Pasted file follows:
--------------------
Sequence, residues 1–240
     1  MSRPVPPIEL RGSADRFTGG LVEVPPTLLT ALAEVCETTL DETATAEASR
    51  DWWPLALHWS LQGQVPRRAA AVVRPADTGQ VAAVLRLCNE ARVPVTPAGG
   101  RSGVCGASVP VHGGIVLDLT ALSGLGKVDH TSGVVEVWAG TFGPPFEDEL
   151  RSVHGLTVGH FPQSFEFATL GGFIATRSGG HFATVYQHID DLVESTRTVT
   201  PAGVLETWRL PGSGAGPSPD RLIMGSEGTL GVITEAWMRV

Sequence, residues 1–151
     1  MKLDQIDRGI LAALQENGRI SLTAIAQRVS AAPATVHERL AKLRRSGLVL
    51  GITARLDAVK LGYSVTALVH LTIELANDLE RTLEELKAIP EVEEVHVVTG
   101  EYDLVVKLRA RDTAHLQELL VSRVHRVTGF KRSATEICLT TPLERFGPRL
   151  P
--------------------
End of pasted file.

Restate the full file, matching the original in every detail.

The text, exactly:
Sequence, residues 1–240
     1  MSRPVPPIEL RGSADRFTGG LVEVPPTLLT ALAEVCETTL DETATAEASR
    51  DWWPLALHWS LQGQVPRRAA AVVRPADTGQ VAAVLRLCNE ARVPVTPAGG
   101  RSGVCGASVP VHGGIVLDLT ALSGLGKVDH TSGVVEVWAG TFGPPFEDEL
   151  RSVHGLTVGH FPQSFEFATL GGFIATRSGG HFATVYQHID DLVESTRTVT
   201  PAGVLETWRL PGSGAGPSPD RLIMGSEGTL GVITEAWMRV

Sequence, residues 1–151
     1  MKLDQIDRGI LAALQENGRI SLTAIAQRVS AAPATVHERL AKLRRSGLVL
    51  GITARLDAVK LGYSVTALVH LTIELANDLE RTLEELKAIP EVEEVHVVTG
   101  EYDLVVKLRA RDTAHLQELL VSRVHRVTGF KRSATEICLT TPLERFGPRL
   151  P